Celiac Disease: Similar Presentations in the Elderly and Young Adults
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Studies have shown that celiac disease can affect individuals in all age groups. However, few studies have described the disease in the elderly. The goal of this study is to characterize celiac disease in the elderly by comparing to a population of young adults with celiac disease.
Review of a tertiary center database of patients with celiac disease was performed to identify two groups of patients, an elderly cohort ≥65 years and a young adult cohort aged 18–30 years, with biopsy-confirmed celiac disease. Information obtained included symptom duration, clinical presentation, small intestinal pathology, associated conditions, and the presence of bone disease.
Included in the study were 149 young adult and 125 elderly patients; the latter represented 12.4% of the patients in our database. The duration of symptoms prior to diagnosis was similar, 5.8 ± 12 years and 6.14 ± 12.6 years in the young adult and elderly cohorts, respectively (p = 0.119). There was no significant difference in the mode of presentation of illness. Diarrhea was the main presenting symptom (49% in young adults vs. 50% in the elderly, p = 0.921). There was a similar prevalence of autoimmune disease (19% in young adults vs. 26% in the elderly, p = 0.133). Thyroid disease and neuropathy were more prevalent in the elderly (p = 0.037 and p = 0.023, respectively). The degree of villous atrophy and prevalence of bone disease were similar in each group.
Surprisingly, the presentation of celiac disease both clinically and histologically is similar in elderly and young adult patients. The factors triggering disease at any given age remain unclear and warrant further study.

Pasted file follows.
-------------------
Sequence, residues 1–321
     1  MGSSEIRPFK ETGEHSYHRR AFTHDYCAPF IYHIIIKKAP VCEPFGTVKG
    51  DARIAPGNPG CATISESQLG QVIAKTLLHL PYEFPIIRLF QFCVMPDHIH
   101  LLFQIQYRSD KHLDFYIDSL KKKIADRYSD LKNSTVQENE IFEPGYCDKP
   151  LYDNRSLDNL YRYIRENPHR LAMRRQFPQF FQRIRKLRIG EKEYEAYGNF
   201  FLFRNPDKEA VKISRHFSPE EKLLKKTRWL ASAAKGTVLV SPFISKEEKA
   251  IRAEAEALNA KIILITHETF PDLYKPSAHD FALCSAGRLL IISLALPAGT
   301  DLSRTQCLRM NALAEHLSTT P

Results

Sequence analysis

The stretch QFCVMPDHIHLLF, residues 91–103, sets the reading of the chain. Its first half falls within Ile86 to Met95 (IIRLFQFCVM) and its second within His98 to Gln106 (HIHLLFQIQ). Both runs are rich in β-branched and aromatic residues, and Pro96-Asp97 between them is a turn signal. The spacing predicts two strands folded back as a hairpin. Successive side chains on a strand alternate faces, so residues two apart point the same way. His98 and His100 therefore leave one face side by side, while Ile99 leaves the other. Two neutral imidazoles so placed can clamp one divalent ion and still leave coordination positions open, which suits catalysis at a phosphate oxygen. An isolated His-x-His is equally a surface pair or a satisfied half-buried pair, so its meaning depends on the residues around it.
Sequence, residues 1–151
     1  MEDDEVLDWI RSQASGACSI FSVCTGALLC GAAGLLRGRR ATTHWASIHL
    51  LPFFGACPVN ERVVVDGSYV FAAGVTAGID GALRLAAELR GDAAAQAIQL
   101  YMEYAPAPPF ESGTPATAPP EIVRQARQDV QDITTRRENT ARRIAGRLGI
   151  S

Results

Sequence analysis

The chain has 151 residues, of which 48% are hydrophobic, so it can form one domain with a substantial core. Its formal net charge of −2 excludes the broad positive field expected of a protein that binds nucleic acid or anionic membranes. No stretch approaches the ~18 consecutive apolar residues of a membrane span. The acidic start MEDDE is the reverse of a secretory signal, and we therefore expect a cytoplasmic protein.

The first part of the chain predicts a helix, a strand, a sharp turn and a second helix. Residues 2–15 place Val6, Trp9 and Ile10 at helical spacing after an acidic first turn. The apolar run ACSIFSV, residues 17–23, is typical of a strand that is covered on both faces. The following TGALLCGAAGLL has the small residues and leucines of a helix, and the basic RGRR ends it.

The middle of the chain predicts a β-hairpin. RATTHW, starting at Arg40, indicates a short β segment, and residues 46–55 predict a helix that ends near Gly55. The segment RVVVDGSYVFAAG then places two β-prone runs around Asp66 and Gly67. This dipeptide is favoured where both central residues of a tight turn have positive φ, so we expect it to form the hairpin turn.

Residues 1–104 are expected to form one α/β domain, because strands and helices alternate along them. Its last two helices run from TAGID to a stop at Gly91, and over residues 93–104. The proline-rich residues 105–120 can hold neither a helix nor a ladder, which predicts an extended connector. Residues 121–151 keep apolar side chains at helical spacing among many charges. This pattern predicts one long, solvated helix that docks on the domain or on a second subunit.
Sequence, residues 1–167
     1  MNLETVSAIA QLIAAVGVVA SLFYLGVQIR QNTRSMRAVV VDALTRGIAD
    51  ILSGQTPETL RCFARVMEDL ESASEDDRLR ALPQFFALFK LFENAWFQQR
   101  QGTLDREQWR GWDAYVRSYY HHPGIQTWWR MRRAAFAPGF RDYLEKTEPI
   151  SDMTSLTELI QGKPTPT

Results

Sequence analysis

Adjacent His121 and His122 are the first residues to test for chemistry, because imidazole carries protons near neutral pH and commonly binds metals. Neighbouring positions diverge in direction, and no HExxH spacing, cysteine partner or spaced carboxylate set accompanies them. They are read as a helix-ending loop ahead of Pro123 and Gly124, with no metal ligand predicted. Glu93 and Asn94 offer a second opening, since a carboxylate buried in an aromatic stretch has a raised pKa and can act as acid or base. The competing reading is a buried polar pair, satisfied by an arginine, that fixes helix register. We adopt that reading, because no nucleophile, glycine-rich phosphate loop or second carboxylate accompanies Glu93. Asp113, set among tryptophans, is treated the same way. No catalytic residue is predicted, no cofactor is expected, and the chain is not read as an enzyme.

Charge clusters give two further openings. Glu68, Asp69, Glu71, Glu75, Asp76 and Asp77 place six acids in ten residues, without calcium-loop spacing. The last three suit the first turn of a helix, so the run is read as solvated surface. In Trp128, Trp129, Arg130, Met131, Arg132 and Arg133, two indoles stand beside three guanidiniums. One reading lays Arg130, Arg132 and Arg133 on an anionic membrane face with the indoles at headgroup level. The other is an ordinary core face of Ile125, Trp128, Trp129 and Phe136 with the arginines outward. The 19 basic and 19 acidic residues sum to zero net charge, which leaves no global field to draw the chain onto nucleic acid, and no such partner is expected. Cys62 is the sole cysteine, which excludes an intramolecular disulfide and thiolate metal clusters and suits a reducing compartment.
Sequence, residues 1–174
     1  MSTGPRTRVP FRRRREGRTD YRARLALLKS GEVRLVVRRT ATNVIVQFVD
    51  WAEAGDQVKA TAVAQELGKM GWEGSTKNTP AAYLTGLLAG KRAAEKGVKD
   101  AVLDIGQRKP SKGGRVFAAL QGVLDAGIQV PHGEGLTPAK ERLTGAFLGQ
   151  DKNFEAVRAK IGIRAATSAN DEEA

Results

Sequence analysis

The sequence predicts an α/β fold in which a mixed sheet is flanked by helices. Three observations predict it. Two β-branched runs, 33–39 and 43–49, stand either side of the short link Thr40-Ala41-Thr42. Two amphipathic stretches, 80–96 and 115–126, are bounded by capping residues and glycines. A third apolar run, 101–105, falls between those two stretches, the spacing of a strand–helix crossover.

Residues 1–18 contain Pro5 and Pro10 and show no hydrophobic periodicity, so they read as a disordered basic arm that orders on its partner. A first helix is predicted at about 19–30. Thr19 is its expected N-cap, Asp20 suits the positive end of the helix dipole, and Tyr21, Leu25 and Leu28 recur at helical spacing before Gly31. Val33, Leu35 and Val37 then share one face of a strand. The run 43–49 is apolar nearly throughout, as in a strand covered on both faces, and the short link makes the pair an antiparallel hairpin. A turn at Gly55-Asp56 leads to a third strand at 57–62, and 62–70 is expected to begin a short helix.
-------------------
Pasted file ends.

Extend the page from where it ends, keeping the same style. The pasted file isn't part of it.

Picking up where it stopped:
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- Celiac Disease: Similar Presentations in the Elderly and Young Adults
Digestive Diseases and Sciences
Volume 55, Issue 11 , pp 3147-3153
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- Celiac disease
- Villous atrophy
- Bone disease
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- Author Affiliations
- 1. Division of Digestive and Liver Diseases, Department of Medicine, Columbia University College of Physicians and Surgeons, 630 West 168th Street, PH20-312, Box 83, New York, NY, 10032, USA
- 2. Division of Endocrinology, Department of Medicine, Columbia University College of Physicians and Surgeons, 630 West 168th Street, PH8-864, New York, NY, 10032, USA
- 3. Department of Pathology, Columbia University College of Physicians and Surgeons, 630 West 168th Street, VC-14-228, New York, NY, 10032, USA
- 4. Department of Medicine, Columbia University College of Physicians and Surgeons, New York, NY, 10032, USA
- 5. Celiac Disease Center, Columbia University Medical Center, Harkness Pavilion-956, 180 Fort Washington Avenue, New York, NY, 10032, USA